It really is difficult trying to come to terms with atrocious events like the one recently witnessed in Manchester. This is especially the case when it involves young innocent children. Words often fail us in such times. I still feel saddened, angry, and outraged. But most of all I feel exhausted.
I feel exhausted by the images of yet another senseless tragedy, just like I feel exhausted when seeing images of dead children washed up on shores of Mediterranean. I feel exhausted by the familiarity of the political discussion where the condemnation doesn’t invoke serious thinking on violence. And I feel exhausted by the political vampires who feeding off the intolerable conditions become parasitic to violence in order to manipulate the genuine fears of those who wish the nightmares away.
Terror needs this outrage. It also thrives in a world of reductive sentiments, where readymade solutions are prepackaged into neat divisive boxes, full of neatly contained anger and resentment. I can’t profess to understand this desire to willfully destroy the lives of such innocence. I don’t think I ever will. But I do think the author J. G. Ballard was right when he wrote, “Like all dreams that come to pass, there’s a nagging sense of emptiness. So people look for anything; they believe in any extreme — any extremist nonsense is better than nothing.”
There is something truly devastating about the current tactics being deployed by groups such as ISIS. Not only is their violence symbolic, its also consciously intimate. That’s why its so terrifying. They send a conscious message about whom they kill — whether it’s the non-believer who may believe but not enough according to their puritanical scale, the homosexual, the journalist, the aid-worker, and now youth and children. Their violence is precisely an assault on people like you and me. And their dystopian realism is also an assault on the future.
But in our search for answers we cannot simply act as if this violence is devoid of history. This is not about justifying, but more a call to have a frank, honest, and committed discussion about how we might truly break the cycle of violence. In this regard, we need to ensure with care and sensitivity that the fallen victims are not appropriated by the machinations of war, as is so common in these cases. As Howard Zinn reminded us, “We need to decide that we will not go to war, whatever reason is conjured up by the politicians or the media, because war in our time is always indiscriminate, a war against innocents, a war against children.”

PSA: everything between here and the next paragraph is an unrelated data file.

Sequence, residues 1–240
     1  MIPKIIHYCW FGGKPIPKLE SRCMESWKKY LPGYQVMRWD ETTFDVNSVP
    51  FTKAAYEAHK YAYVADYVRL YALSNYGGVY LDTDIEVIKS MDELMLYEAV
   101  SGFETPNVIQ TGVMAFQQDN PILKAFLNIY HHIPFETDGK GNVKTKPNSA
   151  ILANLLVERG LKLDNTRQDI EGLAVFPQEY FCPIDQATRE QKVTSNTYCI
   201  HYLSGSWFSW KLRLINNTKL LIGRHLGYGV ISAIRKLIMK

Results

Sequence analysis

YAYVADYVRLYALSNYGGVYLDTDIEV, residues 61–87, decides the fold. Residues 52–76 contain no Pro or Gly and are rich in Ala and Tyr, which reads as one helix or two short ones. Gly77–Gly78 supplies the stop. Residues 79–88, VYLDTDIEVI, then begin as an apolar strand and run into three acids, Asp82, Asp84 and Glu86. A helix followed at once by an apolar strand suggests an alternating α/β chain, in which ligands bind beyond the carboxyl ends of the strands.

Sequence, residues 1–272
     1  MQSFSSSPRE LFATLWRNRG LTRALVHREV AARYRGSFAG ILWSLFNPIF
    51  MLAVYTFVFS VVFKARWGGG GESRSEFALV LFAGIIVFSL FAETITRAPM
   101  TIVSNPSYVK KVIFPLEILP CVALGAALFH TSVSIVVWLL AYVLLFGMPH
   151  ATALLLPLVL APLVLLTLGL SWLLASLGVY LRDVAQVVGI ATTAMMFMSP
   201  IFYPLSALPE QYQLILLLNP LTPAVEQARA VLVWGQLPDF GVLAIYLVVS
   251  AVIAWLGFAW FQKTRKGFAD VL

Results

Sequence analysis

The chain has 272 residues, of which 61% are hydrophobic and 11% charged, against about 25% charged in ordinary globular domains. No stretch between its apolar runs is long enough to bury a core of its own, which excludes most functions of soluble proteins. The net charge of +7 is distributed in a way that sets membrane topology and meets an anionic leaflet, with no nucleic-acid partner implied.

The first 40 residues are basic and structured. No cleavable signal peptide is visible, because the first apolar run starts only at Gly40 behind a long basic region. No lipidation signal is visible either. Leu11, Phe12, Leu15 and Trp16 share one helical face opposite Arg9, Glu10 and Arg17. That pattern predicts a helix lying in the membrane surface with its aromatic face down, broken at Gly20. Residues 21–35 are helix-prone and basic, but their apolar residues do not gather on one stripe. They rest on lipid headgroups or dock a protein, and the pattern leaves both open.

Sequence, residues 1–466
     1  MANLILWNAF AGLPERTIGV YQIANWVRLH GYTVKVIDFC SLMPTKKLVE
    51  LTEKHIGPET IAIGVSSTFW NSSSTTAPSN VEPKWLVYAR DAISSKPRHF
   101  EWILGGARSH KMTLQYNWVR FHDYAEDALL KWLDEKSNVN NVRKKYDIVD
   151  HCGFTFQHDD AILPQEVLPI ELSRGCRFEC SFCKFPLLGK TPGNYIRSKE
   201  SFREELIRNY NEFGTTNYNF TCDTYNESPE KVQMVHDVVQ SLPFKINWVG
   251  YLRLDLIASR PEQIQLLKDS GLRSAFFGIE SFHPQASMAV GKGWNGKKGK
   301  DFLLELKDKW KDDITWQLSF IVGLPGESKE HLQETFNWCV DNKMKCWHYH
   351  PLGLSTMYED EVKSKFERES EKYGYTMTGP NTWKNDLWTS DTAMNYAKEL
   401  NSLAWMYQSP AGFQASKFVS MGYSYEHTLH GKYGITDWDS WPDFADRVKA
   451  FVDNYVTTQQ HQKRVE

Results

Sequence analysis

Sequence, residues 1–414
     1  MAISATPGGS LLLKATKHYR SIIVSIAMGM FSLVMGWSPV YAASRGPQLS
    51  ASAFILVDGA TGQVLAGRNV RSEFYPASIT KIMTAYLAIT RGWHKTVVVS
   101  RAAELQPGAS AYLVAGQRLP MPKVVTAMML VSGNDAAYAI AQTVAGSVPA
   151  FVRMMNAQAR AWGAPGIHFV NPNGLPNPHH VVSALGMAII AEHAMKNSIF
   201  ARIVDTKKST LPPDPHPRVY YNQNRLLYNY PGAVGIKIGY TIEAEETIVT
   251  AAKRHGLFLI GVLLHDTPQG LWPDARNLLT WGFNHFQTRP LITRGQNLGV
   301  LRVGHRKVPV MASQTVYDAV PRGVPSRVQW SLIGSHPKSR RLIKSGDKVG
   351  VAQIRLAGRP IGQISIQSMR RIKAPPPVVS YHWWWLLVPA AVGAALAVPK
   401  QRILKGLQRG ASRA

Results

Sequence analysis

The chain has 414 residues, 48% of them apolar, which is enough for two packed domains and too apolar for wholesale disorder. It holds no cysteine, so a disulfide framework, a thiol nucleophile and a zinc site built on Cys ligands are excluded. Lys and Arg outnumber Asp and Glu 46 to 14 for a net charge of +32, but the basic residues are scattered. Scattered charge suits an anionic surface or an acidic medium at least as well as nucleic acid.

The killing of innocence, especially children, is sadly something that is part of our broader cultural fabric. We could go all the way back to Aeschylus Oresteia, which tells of the killing of Agamemnon by his wife Queen Clytemnestra who is avenging the sacrifice of her daughter Iphigenia. She was slaughtered for some “greater good” in order appease the God so that war could commence. We might also think about the Bible and the Massacre of the Innocent, which was one of the first times I recall from childhood of being exposed to the brutalities of the world.
The 20th century is littered with the corpses of innocent children. From the savage and brutal reign of King Leopold of Belgium, who seemingly took great delight in torturing and killing children, onto the truly devastating images of children in Nazi Germany concentration camps, who endured unspeakable horrors, the human ability to wage violence upon its most vulnerable is without limits. But of course, despite never again, it didn’t end there. Lets just think of the images, which still haunt us in more recent times. From Nick Ut’s famous image of the Napalm girl, to Kevin Carter’s 1993 Vulture and the Sudanese girl — the burden of which contributed to Carters suicide, onto the more recent tragic image of little Alyan Kurdi washed up on the shores of the Mediterranean, the senseless death of innocence still shames us.